On Monday, the Mexican government issued an apology to the indigenous Maya people for years of abuse and discrimination.
“We offer the most sincere apologies to the Maya people for the terrible abuses committed by individuals and national and foreign authorities in the conquest, during three centuries of colonial domination and two centuries of an independent Mexico,” Mexico’s President Andres Lopez Obrador said during a visit to the rebellion’s headquarters in Tihosuco, Quintana Roo state.
The apology came as the country remembered the anniversary of the 1901 indigenous rebellion in North America. As many as 250,000 lives were lost during the 1847-1901 Caste War revolt.
At the time, Yucatán (like most of New Spain) was under a legal caste system. High-born officials in Spain were at the top, followed by the Creoles of Spanish descent. The Mestizo population followed them, then the native “Hidalgos,” descendants of the Pre-Columbian nobility. The Indios (indigenous peoples of the Americas) were ranked bottom.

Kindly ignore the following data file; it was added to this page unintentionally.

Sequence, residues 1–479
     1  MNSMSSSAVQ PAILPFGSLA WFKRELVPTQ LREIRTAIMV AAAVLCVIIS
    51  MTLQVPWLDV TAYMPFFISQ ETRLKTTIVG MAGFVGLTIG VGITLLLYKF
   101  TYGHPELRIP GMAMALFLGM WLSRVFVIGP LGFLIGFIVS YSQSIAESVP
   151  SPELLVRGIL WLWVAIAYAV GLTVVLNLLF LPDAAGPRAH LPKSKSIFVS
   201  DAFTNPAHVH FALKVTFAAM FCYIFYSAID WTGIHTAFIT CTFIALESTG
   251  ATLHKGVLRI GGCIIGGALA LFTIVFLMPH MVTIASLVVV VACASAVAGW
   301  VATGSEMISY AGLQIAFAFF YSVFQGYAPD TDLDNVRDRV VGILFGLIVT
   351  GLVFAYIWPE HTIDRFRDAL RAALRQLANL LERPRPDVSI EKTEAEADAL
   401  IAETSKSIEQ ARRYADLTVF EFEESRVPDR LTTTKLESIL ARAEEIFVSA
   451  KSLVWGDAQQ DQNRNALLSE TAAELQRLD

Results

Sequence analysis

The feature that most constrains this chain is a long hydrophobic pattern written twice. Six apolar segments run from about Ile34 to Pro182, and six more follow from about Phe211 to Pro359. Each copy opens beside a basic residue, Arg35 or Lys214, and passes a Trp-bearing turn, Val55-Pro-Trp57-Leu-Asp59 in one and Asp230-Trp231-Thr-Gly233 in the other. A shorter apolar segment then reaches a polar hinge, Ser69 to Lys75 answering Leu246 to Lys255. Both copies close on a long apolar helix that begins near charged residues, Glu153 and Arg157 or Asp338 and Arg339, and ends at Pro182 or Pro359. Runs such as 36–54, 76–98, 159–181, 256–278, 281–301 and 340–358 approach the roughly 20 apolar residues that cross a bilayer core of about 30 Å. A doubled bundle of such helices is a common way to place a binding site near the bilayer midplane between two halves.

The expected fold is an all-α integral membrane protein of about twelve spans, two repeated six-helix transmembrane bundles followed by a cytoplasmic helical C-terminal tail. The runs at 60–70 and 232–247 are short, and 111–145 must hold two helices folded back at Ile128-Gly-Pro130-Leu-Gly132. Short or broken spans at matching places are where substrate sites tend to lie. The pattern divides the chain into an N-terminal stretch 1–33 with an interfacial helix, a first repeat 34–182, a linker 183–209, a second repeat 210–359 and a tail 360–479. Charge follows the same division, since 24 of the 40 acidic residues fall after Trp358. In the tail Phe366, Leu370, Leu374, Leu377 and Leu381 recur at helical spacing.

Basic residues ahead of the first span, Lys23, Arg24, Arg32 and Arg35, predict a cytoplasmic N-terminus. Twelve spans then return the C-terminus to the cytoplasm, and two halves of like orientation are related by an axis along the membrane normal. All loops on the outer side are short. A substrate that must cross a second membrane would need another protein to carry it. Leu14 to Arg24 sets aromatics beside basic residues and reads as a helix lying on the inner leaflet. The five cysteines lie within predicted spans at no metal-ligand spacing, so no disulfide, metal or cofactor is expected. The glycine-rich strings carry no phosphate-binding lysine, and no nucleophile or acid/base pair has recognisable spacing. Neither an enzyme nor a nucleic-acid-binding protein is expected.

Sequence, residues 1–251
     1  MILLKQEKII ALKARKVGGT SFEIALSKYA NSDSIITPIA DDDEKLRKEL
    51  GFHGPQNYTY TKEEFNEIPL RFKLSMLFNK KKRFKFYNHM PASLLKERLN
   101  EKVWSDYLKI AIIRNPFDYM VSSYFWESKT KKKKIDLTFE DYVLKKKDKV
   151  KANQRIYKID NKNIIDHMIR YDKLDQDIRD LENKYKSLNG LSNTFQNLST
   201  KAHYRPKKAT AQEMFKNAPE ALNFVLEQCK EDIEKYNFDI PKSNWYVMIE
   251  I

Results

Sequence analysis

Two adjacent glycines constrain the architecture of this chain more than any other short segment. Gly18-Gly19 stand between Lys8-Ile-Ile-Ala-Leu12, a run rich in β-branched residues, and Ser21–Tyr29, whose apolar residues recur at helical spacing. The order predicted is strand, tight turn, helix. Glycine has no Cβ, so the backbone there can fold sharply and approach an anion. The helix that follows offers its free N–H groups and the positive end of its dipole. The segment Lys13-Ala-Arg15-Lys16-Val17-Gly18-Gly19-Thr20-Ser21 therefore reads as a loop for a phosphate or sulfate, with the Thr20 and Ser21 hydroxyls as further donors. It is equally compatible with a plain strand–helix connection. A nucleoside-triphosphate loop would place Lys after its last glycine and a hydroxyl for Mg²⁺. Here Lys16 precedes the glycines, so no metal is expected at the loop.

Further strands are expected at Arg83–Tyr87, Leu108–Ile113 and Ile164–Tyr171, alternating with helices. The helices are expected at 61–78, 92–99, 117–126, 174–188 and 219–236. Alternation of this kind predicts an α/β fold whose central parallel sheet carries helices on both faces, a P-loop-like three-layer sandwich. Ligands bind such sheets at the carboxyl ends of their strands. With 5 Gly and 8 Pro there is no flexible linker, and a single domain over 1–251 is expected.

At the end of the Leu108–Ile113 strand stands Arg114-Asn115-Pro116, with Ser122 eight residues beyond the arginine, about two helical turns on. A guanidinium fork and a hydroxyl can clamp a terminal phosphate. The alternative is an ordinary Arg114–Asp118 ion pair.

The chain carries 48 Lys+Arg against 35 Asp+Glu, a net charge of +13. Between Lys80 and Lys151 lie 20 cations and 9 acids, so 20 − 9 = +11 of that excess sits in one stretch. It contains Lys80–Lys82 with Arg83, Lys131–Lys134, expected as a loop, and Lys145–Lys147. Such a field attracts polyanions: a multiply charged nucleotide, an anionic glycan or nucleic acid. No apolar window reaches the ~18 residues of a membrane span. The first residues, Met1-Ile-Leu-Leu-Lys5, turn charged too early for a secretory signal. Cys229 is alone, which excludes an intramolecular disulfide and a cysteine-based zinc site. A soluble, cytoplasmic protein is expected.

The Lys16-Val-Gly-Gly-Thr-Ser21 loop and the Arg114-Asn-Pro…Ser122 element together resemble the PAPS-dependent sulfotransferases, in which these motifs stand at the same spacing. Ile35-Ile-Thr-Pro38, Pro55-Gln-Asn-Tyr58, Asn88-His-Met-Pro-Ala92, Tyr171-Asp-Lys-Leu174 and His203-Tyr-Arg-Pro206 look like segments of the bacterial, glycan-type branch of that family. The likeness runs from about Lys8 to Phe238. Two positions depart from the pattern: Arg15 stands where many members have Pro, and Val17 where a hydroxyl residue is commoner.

“For centuries, these people have suffered exploitation and abuse. Today we recognize something which we have denied for a long time: the wrongs and injustices committed against the Mayan people,” Mexican Interior Secretary Olga Sánchez Cordero said. “
“Today, we ask forgiveness in the name of the Mexican government for the injustices committed against you throughout our history and for the discrimination which even now you are victims of,” Sánchez Cordero added.
Many members of the Mayan community feel the apology may be nothing more than a tokenistic gesture. For years, Mexico has leaned on its rich Mayan heritage to lure tourists. Still, the money is never redirected to the community it has discriminated against and exploited for hundreds of years.
“We realize that we have a great history, that we are held up as an example, and people make a lot of money off our name, but that money never shows up in our communities,” Mayan activist Alfaro Yam Canul said.
Will this apology mean that Mexico is ready to share its profits with the Indigenous Mayan community?